FC Barcelona and the player originally agreed that if there was a dispute over the buy-out clause then it would be resolved by a court of law.
Both UEFA and FIFA legal executives are aware that if there is any disagreement between FC Barcelona and Lionel Messi than this must be resolved through a Spanish court and would see both governing bodies exempt from becoming embroiled in the emerging legal conflict between both sides. Neither footballing body favours the Spanish buy-out clause system as they feel it goes against the desired effect of players respecting the length of signed deals between football clubs and their players.
When Neymar moved to Paris Saint-Germain in the summer of 2017, the Brazilian had to pay the 220 million euro that was stipulated in his contract as a release clause and then the striker moved to the Ligue 1 giants with no contractual shackles. The forward did subsequently take the Catalan club to court but the matter took three years of legal wrangling over a dispute relating to a renewal and loyalty bonuses and in the interim he was free to play with the Parisian side while the case unfolded. The legal action was finally which was resolved in June of this year with a Catalan court siding with the football club and ordered the Brazilian star to pay 6.7 million as Barcelona won the ruling.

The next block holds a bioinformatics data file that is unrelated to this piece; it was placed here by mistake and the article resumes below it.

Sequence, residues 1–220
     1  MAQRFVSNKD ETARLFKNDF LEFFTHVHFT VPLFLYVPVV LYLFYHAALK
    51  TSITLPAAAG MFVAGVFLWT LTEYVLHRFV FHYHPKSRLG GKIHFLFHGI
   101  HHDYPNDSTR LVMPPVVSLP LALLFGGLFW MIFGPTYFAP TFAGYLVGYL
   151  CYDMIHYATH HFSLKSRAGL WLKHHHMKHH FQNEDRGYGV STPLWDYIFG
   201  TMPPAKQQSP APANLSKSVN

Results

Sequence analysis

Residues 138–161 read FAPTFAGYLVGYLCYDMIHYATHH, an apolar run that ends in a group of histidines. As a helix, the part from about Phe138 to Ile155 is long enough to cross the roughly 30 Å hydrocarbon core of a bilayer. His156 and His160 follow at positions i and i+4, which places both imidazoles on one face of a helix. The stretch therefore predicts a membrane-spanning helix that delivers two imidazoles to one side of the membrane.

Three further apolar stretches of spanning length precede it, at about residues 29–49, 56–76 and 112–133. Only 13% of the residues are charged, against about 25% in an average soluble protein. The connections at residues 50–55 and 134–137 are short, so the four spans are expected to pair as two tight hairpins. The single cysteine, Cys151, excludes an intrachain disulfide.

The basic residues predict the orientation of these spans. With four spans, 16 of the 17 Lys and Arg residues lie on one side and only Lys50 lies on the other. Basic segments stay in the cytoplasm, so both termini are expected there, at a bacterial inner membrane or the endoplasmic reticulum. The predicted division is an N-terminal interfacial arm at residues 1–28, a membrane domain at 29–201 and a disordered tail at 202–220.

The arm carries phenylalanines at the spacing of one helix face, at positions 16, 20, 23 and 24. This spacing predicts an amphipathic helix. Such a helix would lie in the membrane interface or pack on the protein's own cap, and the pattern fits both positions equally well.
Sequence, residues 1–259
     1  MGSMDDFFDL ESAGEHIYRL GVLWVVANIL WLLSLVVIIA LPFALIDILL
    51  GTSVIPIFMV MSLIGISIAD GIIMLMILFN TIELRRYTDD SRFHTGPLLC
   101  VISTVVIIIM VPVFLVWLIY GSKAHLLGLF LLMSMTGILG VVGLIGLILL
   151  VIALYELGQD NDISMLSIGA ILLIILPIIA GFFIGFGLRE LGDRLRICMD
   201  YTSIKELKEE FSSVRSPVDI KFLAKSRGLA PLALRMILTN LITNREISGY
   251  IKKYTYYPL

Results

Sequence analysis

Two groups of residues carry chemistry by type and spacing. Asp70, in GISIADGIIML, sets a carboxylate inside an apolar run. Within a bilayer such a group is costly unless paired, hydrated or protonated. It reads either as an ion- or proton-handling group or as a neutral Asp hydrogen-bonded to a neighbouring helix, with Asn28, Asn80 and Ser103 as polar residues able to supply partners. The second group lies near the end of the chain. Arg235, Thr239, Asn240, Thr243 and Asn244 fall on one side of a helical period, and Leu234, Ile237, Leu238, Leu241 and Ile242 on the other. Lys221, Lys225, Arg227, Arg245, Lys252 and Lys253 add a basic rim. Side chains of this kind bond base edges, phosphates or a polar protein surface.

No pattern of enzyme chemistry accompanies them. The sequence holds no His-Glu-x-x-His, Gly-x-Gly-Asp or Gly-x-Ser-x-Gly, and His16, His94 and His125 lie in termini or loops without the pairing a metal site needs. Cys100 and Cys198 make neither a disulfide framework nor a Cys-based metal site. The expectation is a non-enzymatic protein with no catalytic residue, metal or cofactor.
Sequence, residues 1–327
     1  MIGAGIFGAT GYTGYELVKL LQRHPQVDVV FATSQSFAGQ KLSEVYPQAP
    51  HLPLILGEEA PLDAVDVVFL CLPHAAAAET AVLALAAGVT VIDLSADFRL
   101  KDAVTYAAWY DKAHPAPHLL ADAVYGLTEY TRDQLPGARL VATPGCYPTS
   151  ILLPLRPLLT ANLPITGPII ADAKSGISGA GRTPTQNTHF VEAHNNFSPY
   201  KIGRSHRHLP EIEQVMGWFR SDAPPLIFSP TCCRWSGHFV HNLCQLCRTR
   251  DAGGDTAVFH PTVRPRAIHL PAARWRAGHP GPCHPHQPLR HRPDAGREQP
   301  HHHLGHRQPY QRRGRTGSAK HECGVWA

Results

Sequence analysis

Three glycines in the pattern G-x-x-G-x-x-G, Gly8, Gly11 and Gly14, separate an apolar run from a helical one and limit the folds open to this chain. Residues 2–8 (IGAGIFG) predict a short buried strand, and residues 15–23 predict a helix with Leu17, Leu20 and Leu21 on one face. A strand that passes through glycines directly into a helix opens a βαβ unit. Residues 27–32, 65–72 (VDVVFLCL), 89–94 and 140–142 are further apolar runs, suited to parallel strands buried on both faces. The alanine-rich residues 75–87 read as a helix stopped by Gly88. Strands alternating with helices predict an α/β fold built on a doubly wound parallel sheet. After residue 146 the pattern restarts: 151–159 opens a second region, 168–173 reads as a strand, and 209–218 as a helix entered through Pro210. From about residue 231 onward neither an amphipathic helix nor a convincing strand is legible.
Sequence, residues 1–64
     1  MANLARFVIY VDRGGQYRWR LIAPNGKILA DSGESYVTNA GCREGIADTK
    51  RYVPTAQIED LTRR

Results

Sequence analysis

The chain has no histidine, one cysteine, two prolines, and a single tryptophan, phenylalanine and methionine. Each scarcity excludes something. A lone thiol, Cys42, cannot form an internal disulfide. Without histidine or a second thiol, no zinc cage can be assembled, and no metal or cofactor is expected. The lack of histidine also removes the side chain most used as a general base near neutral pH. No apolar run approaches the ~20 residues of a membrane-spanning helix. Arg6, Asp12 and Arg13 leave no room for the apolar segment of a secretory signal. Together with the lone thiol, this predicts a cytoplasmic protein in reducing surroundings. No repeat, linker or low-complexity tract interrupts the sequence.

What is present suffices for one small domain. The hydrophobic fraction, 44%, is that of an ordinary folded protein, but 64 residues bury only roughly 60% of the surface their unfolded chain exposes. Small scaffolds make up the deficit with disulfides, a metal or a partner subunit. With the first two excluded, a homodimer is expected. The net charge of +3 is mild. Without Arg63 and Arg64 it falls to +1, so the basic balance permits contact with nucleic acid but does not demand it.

Both FIFA and UEFA advocate the right of football players to carry out their function and play the game and being aware that the 33-year-old Messi has a 700 million euro release clause tied to his deal with the club. Both governing bodies would avoid any embargo or ban on him playing whilst the matter drags on in countless and time sapping legal proceedings.